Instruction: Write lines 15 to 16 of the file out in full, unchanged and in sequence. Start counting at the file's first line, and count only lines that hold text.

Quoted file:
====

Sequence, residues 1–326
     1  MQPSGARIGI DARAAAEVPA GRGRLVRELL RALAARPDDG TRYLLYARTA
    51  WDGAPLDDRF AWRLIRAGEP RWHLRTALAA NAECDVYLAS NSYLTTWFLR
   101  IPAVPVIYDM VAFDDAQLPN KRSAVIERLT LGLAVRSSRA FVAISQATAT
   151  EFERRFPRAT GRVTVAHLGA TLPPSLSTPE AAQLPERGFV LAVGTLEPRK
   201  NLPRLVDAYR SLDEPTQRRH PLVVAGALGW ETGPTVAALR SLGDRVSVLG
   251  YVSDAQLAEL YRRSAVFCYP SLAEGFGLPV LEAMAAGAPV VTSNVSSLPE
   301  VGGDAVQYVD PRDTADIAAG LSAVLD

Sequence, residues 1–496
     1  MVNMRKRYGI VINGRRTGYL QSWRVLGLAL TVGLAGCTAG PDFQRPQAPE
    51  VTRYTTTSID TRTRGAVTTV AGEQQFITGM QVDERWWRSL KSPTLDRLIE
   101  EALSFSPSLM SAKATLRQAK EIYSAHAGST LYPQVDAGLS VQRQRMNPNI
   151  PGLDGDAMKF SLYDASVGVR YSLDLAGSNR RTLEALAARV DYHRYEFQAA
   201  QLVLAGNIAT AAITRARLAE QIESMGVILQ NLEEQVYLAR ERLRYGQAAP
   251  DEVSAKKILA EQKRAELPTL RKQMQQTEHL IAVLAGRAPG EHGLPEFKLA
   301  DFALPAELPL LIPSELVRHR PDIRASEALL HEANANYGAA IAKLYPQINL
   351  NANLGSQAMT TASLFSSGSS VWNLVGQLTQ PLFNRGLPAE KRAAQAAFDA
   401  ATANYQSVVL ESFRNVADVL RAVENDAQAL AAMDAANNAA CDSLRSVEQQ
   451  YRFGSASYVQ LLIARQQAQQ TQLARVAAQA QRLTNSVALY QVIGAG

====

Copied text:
   251  DEVSAKKILA EQKRAELPTL RKQMQQTEHL IAVLAGRAPG EHGLPEFKLA
   301  DFALPAELPL LIPSELVRHR PDIRASEALL HEANANYGAA IAKLYPQINL